Fictional Blues

Narrative Self-Invention from Bessie Smith to Jack White

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Kimberly Mack

The familiar story of Delta blues musician Robert Johnson, who sold his soul to the devil at a Mississippi crossroads in exchange for guitar virtuosity, and the violent stereotypes evoked by legendary blues “bad men” like Stagger Lee undergird the persistent racial myths surrounding “authentic” blues expression. Fictional Blues unpacks the figure of the American blues performer, moving from early singers such as Ma Rainey and Big Mama Thornton to contemporary musicians such as Amy Winehouse, Rhiannon Giddens, and Jack White to reveal that blues makers have long used their songs, performances, interviews, and writings to invent personas that resist racial, social, economic, and gendered oppression.

Using examples of fictional and real-life blues artists culled from popular music and literary works from writers such as Walter Mosley, Alice Walker, and Sherman Alexie, Kimberly Mack demonstrates that the stories blues musicians construct about their lives (however factually slippery) are inextricably linked to the “primary story” of the narrative blues tradition, in which autobiography fuels musicians’ reclamation of power and agency.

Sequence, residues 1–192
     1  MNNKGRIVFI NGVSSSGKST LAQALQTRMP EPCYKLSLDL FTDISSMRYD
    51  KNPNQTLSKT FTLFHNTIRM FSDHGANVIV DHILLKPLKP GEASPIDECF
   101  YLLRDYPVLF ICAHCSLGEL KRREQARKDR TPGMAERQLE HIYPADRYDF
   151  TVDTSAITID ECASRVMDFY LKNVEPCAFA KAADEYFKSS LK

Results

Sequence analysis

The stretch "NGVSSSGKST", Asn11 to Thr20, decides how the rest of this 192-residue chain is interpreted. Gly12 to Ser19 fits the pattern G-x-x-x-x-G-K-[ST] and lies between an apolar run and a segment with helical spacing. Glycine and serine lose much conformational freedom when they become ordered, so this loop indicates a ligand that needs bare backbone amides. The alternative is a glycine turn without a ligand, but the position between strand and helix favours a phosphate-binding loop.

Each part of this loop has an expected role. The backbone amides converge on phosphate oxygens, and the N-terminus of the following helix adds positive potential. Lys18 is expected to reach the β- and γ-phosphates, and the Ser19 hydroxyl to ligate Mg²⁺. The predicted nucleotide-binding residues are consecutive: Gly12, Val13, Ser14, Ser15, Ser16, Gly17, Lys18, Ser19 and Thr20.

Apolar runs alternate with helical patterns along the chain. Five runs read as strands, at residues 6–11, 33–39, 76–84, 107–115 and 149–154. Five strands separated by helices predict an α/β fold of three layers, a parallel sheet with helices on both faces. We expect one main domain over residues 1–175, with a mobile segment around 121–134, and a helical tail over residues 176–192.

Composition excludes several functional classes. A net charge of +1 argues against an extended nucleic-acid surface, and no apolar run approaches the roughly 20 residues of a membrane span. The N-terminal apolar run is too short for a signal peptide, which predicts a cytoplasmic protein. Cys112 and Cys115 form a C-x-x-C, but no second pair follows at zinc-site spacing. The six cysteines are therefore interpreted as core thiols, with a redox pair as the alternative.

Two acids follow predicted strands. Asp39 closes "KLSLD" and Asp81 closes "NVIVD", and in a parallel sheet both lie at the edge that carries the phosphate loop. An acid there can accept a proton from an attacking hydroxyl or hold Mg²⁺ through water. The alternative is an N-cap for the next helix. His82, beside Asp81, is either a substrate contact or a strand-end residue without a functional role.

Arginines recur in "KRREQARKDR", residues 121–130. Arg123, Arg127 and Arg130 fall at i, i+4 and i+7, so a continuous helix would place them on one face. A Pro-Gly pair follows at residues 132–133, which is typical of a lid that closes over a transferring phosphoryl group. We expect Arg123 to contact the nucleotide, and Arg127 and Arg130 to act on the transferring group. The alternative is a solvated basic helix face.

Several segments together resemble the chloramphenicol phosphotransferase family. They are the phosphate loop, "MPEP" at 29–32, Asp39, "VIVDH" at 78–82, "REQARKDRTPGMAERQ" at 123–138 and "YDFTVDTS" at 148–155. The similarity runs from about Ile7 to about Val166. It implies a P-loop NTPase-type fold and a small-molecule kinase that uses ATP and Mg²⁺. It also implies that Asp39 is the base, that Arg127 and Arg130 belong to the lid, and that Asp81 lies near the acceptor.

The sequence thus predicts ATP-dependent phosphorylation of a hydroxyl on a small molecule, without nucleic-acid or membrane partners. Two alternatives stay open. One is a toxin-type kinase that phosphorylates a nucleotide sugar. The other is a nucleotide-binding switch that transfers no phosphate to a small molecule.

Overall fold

Cover design by Kristina Kachele Design, llc
Cover art by Faith Ringgold, Jazz Series: Mama Can Sing #7, 2001–2004. © 2020 Faith Ringgold / Artists Rights Society (ARS), New York. Courtesy ACA Galleries, New York.


Preface and Acknowledgments


Chapter One
The Narrative Blues Tradition
Tall Tales, Myths, and Black American Folklore

Chapter Two
Shug, Big Mama, and Amy
Autobiographical Fictions and Addictions

Chapter Three
“I Was Astounded at What I Heard”
Robert Johnson’s Autobiographical and Biographical Afterlives

Chapter Four
From John Anthony Gillis to Jack White
A Study in Blues Self-Invention

Chapter Five
The Blues Apprenticeship
Racialized Conventions of the Acolyte